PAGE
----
"With me, it was Harper," said her husband. "The guy scared me. He gave you the feeling he was up to something he didn't want you to know about."

Like what?

"I'm not sure, but Martin said he was and that was good enough for me."

"Martin," said St. Clair, "is a good man. He came across very honest. He wanted a chance to clean up all the s--t that happened under Chretien. I just didn't trust Harper. He came across too oily."

"Exactly," said Heather. "The scariest part for me about him is that he wanted to cosy up to the Americans. Can you believe it? The bloody Americans. I hate the Americans."

What do you hate about them?

"They're warmongers," said Don. "They're out to take over the world. They remind me of the Germans in World War II."

"They're not our best friends, they're our worst enemies," said Heather. "You can't trust them. I wish we had some other country as our neighbour, not those bullies. They're ignorant. They don't know anything about any other country. They'd just love to take us over if they could."

"I don't think they're all bad, I've got American friends," said St. Clair, "but Harper would've had us kissing their ass instead of telling them to screw off like Martin will do."

No, not all urban Ontarians talk like that. But enough do that these people don't feel embarrassed to say such things with full attribution to a newspaper reporter.

Posted by Kevin Jaeger on June 30, 2004 in Canadian Conservative Politics | Permalink | Comments (27) | TrackBack

The Showdown He Asked For

Paul Martin's exploitation of Alberta's promised health reforms was the singularly most divisive tactic the Liberals used in the campaign. From the Toronto Star coverage;

The Prime Minister has been daring Klein to make his plans public and has accused the Conservative Alberta premier of cloaking his medicare-threat proposal in a bid to help his "silent partner," Conservative Leader Stephen Harper. Martin has been saying it was ominous that Klein, whom the Liberals described last week as a "public health menace," was proposing to release his plan on June 30, just two days after the federal election.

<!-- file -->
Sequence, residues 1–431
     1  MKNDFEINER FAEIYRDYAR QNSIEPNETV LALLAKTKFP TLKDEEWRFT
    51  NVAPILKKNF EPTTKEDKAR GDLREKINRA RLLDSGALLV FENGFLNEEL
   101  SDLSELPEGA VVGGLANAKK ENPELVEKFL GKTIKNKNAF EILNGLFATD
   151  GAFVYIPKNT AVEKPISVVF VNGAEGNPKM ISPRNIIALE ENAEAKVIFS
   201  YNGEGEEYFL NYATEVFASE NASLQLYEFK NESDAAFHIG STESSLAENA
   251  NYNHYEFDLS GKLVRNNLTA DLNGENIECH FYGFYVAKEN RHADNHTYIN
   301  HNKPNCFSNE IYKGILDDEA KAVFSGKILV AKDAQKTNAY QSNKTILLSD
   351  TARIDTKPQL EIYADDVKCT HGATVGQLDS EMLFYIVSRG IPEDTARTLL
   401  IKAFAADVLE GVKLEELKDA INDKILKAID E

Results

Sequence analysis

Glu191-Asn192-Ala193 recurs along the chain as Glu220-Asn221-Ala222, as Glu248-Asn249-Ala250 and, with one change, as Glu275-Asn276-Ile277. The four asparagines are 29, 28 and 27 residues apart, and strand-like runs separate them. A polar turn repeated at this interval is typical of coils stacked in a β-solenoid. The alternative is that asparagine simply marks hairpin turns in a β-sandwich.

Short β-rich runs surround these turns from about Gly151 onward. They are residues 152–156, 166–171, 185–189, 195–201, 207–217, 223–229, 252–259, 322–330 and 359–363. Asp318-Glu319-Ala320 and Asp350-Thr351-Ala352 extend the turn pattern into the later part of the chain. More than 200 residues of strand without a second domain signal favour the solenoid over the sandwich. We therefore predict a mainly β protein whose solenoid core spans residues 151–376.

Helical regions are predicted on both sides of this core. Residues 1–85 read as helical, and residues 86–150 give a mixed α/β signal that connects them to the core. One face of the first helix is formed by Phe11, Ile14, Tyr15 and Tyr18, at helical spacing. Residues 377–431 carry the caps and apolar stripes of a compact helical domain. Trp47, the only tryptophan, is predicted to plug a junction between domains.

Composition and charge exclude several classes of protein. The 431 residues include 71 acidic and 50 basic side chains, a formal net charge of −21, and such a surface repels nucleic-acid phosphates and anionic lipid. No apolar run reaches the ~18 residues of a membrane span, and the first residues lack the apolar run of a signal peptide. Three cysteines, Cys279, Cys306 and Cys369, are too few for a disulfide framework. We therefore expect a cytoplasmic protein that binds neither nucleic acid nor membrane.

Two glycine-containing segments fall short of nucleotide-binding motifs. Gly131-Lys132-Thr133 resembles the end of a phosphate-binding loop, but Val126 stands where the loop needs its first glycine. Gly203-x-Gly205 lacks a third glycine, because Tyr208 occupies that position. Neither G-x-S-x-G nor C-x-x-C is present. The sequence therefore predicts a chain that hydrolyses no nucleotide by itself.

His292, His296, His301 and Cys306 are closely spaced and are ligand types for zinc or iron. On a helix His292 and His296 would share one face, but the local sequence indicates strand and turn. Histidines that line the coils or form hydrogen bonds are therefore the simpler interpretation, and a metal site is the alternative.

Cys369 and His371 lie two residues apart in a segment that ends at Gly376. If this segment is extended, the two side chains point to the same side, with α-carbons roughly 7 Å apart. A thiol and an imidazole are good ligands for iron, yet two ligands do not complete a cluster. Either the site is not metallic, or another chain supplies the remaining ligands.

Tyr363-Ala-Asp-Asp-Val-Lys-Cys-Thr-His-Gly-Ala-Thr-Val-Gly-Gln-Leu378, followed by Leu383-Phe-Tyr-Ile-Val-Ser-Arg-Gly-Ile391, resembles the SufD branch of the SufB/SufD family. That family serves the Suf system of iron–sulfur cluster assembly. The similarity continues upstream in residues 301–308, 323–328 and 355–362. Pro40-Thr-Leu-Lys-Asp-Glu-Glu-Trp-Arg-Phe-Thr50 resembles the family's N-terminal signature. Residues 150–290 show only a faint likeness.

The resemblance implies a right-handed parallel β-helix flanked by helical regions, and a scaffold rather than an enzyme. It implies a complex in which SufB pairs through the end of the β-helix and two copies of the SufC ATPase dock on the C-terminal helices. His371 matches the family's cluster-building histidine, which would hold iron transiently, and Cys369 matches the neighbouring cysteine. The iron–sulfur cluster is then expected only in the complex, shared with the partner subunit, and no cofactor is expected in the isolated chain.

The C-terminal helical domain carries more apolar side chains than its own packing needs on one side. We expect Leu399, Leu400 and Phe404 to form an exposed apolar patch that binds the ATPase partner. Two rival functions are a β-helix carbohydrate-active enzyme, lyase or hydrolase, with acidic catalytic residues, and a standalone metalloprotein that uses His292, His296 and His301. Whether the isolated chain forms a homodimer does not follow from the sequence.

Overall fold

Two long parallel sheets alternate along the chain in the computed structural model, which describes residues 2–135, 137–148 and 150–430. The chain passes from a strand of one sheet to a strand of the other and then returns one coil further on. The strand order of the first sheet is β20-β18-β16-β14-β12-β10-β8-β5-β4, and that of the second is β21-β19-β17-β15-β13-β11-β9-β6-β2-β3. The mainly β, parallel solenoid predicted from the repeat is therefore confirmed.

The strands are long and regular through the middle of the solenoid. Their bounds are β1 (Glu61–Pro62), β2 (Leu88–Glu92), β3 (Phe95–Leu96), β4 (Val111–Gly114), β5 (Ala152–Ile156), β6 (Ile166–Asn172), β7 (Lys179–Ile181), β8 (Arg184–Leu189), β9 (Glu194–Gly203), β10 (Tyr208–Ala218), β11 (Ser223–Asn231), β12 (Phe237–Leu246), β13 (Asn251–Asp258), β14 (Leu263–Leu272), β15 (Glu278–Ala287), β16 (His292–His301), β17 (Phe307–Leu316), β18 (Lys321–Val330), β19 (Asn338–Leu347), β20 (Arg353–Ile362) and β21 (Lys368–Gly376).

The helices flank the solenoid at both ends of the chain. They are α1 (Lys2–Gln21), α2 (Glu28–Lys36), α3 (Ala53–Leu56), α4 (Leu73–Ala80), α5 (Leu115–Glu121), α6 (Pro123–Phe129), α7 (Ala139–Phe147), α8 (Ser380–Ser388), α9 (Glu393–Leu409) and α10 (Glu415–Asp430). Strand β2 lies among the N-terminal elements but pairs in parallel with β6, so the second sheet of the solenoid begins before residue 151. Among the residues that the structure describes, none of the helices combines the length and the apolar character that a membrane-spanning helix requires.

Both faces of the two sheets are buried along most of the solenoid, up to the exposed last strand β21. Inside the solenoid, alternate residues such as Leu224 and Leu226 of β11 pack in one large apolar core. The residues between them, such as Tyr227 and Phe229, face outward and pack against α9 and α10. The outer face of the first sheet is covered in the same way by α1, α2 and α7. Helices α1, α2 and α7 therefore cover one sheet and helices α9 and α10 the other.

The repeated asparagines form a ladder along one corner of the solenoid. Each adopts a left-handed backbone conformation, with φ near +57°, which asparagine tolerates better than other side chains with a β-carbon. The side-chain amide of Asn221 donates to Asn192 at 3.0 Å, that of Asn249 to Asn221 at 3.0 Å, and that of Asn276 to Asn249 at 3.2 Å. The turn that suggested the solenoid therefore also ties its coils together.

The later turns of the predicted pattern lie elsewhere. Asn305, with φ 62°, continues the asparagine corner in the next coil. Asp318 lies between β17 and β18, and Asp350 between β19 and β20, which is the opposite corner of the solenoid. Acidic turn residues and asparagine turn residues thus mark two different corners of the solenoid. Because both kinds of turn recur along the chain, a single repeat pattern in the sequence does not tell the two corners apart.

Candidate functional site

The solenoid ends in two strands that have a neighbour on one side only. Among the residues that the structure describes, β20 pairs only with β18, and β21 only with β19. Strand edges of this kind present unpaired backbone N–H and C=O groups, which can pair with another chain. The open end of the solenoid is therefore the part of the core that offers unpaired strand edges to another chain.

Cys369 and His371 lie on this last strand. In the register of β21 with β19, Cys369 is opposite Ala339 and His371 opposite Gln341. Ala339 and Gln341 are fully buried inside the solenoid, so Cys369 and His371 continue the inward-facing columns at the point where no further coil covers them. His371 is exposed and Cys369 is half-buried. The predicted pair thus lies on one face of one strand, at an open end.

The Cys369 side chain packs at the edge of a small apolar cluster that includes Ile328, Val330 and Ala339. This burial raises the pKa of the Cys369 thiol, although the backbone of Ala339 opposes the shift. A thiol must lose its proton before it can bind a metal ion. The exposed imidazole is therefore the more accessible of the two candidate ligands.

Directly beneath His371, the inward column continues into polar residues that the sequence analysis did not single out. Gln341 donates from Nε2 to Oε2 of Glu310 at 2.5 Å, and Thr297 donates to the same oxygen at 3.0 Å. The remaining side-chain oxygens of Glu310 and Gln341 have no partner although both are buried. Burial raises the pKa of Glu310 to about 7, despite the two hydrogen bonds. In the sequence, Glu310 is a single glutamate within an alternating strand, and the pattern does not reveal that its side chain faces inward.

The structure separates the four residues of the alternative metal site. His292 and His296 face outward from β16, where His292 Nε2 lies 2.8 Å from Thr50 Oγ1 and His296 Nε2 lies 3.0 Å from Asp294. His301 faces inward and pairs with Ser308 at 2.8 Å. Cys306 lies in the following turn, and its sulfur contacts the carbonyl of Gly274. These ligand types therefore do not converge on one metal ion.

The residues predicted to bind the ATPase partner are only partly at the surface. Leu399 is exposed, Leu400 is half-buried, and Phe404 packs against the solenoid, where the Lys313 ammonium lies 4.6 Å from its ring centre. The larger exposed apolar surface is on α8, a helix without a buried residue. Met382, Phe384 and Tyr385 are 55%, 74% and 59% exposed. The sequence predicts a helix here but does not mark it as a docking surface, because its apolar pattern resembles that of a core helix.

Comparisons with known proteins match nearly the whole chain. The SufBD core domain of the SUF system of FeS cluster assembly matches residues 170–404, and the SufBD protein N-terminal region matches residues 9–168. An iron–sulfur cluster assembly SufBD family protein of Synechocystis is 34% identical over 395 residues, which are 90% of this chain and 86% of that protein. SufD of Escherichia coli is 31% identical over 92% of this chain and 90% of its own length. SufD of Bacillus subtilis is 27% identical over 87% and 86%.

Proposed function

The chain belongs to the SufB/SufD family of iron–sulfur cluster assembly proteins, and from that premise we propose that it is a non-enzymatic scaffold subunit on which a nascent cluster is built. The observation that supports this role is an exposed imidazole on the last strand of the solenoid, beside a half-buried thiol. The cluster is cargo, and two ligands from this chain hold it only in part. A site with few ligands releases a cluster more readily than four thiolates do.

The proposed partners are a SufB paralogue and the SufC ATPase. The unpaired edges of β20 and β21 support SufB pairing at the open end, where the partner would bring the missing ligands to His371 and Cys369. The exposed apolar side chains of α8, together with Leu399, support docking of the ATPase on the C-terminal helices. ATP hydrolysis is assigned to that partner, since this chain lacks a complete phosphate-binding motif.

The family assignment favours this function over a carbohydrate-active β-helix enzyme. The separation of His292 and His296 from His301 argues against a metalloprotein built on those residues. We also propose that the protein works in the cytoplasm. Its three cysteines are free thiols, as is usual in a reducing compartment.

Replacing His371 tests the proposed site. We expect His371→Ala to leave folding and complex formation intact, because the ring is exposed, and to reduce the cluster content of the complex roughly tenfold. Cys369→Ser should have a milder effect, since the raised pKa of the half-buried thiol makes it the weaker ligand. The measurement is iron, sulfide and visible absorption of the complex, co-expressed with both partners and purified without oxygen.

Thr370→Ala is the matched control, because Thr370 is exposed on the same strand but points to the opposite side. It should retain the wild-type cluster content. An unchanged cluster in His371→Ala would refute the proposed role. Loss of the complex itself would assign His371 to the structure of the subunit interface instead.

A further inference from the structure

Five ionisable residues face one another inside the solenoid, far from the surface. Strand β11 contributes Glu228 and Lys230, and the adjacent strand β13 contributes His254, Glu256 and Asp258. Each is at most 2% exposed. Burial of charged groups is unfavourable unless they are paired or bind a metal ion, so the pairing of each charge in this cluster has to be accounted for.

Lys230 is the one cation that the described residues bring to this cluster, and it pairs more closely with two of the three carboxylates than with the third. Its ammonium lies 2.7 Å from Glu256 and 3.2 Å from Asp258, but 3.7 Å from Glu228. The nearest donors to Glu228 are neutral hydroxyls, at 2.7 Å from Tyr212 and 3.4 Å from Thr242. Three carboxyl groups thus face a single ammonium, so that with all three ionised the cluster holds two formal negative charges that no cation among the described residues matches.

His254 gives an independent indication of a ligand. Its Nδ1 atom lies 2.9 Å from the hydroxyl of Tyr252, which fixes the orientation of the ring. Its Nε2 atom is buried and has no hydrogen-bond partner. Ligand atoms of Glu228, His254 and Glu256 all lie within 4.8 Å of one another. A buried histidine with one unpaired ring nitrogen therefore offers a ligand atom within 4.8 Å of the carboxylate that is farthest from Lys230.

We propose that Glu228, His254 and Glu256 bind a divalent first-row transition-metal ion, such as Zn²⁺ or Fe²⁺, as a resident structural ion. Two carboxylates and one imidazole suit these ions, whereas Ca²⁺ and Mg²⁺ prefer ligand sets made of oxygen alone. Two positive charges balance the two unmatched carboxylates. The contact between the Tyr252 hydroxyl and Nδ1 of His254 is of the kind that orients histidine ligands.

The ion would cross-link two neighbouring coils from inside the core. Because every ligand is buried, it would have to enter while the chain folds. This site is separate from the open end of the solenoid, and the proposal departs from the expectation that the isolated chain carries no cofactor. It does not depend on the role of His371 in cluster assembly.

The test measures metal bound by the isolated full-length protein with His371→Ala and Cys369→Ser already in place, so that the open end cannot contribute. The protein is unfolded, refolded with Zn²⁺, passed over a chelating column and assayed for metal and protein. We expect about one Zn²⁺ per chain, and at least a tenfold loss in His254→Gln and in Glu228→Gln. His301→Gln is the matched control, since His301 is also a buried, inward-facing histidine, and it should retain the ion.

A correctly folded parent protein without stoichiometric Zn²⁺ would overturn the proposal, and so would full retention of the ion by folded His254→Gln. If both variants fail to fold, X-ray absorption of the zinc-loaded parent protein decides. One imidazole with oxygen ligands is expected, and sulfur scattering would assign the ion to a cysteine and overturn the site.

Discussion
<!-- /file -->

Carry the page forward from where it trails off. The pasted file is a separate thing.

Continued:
Klein finally responded, his Health minster stating that the new proposals amounted to little more than increased spending. But it had put Harper on the defensive at a time when the attack ad campaign was in full swing.

Well, congratulations Mr. Martin. It worked. You won. And now you get to back up your challenge that Harper wouldn't defend the Canada Health Act, and you get to back it up by taking on Alberta, just two days after your victory, and with your words fresh in the minds of the electorate.

This morning Ralph Klein unveiled the Alberta health reforms. There are some pretty drastic changes, including a user pay scheme and a 50% cut to health spending growth.

He accused
the federal Liberals of cutting the public system on one hand, while delivering empty promises on how to sustain it.

"They keep saying they'll save medicare but they don't say how," he said as he rolled his eyes."The bottom line is we still need substantive system reform, and we need to know where the federal government stands."

Klein says nothing will be implemented unti the fall, after Albertans have had the opportunity to give the input.

After making the sanctity of public health care front and center in his campaign, what bigger political landmine than to face parliament at war with Alberta over the Canada Health Act, but unable to directly engage Klein about it (consultation period, Mr. Martin) - with the BQ on the side of defending provincial rights to control of health delivery and the NDP demanding he put the hammer down?

Balls in your court, Martin. Let's see what you're made of.

You know, if this were the US, and these were Republicans I'd almost be thinking a Rove rope-a-dope here.


Crossposted at SDA

Posted by Kate McMillan on June 30, 2004 in Canadian Politics | Permalink | Comments (2) | TrackBack

Press Review

From today's edition of NORMAN'S SPECTATOR